Let’s be honest with Shenandoah Valley history for the Spring of ’62… not all locals were happy with Stonewall’s presence

Posted on May 5, 2012 by


I’ve seen a good deal of “Stonewall Jackson praising” going on lately, and while I can appreciate his part in the history of the Valley for that time, that’s not quite all of the story.

In short, not everyone was cheering the arrival (and in some cases, the return) of Confederate troops in the Valley, and… the 1862 Valley Campaign wasn’t just about Jackson and his victories here… with the entire citizenry all in favor.

Indeed, some embraced the arrival of Union troops… some with open arms, and others… while Southern Unionists… with a bit of uncertainty.

As for one who was among the most enthusiastic… I present… again… Dr. James Lee Gillespie.

I’ve mentioned him before, and the 150 year Sesqui moment slipped through my fingers a few weeks ago, and I wasn’t able to post about it in time, but… there was one local Unionist… from my home county, no less… who also accompanied my third great grandfather in the months before Virginia’s secession, speaking out against it.

So, backtracking a bit in my personal Sesqui moments… let’s go back to mid-April…

Major Harry Gilmore

In his book, Four Years in the Saddle (pages 32-33), Confederate cavalryman Harry Gilmor mentioned that Gen. John Robert Jones, acting provost guard at Harrisonburg, directed Gilmor (between March and April 1862) to deal with Gillespie and efforts in which he was believed to be engaging. Since the name Gillespie is quite unique to the area, it seems certain that this reference was to James Lee Gillespie. Gilmor stated,

Jones sent me to break up a band, estimated at from two to five hundred, that had collected in the large gorges of the Blue Ridge, in the neighborhood of Swift Run Gap. They were headed by a man named Gillespie, and they had determined to resist the draft, and were armed principally with shot-guns and squirrel rifles. We had with us a company of militia infantry, but they were afraid to go into the mountains at all.

We had skirmishing for two or three days without doing any damage; for, when we attempted to charge, they took to the sides of the mountains, and the ground was too rugged to pursue them, and they could fire on us without being able to return to it.

I reported all of this to General [Thomas J. “Stonewall”] Jackson, who sent Colonel Jones in command of all, and advised him to bring up four companies of sharpshooters, and one or two pieces of artillery. This he did; and after driving them into Green [Greene] County across the mountains, I took prisoners, forty-eight in number, to Harrisonburg…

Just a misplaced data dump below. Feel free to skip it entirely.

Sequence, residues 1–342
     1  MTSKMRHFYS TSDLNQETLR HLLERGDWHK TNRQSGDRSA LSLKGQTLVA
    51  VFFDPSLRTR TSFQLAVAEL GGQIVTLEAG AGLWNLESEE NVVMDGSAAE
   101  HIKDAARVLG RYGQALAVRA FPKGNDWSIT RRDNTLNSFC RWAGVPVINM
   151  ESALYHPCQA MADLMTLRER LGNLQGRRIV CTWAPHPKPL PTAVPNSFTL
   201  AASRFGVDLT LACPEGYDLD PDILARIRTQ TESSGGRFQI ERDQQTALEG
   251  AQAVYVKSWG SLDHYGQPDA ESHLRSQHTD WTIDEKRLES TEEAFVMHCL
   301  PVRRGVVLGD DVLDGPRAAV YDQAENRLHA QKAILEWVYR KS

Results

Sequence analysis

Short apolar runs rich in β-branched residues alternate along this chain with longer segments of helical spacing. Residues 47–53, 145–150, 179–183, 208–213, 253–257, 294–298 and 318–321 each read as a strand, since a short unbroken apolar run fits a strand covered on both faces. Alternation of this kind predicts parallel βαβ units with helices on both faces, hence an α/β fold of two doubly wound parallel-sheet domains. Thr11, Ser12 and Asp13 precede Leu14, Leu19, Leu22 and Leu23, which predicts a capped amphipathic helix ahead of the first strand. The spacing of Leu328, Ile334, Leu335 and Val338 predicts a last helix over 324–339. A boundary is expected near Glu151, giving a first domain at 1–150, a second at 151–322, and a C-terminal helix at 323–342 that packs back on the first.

Observing Gillespie, after the capture, Jackson’s topographer, Jedediah Hotchkiss, referred to him as “a tigrous looking fellow.”

Yet, there is good reason to doubt that the man Gilmor sought out, and Hotchkiss observed, was actually Dr. Gillespie.

As I pointed out in my biographical sketch of Dr. Gillespie

Minute books of the Court of Page County show that Gillespie was in the Page County jail as of June 26, 1861 under the charge of “treason against the government of the Confederate States.” Gillespie applied to the court for his release from jail but was denied this request as the county as a legal body could not sufficiently establish jurisdiction in the case. Following this denial, Gillespie applied once again to the court, asking for an examination of the charges against him in legal forum, but again the court denied the appeal based once again on “want of jurisdiction.” Minute books reveal no further information in this case, but Gillespie’s obituary shows that at some point he was taken to Orange Court House, from whence he escaped. Crossing the lines, Gillespie was able to secure an audience with Union Gen. Henry W. Slocum, who, in turn, gave Gillespie a letter of introduction to President Abraham Lincoln. Lincoln “recommended General Nathaniel Banks take him [Gillespie] and protect his home in the Valley of Virginia.

Indeed, for the point on the timeline (April 1862), Gillespie himself seems to show that he was working as a guide for Union General Nathaniel Banks, and therefore, could not have been present at the incident in Swift Run Gap.

So… did some sort of “Gillespie legend” grow from his story from the summer of 1861, and infuse itself into what became known as the Rockingham Rebellion? It’s quite possible, and it’s too bad in some ways, as we may never know the name(s) of the man/men who led that short-lived rebellion of locals against… the rebellion.

A few years ago, I continued MY search for Dr. Gillespie… and found his grave in Sistersville, West Virginia.

Of course, there were other locals of the Valley who had issues with the Confederacy as well, such as Elder John Kline, who I covered in this briographical sketch from 2008.

In an upcoming post, I’ll be writing about Dr. Gillespie’s son… who, as a former student of Jackson’s at VMI, and at about this same time (Spring of ’62), was making every effort to become part of Stonewall’s staff, which opens the door wide to how many a father and son in the Valley didn’t necessarily see eye to eye when it came to embracing the Confederacy.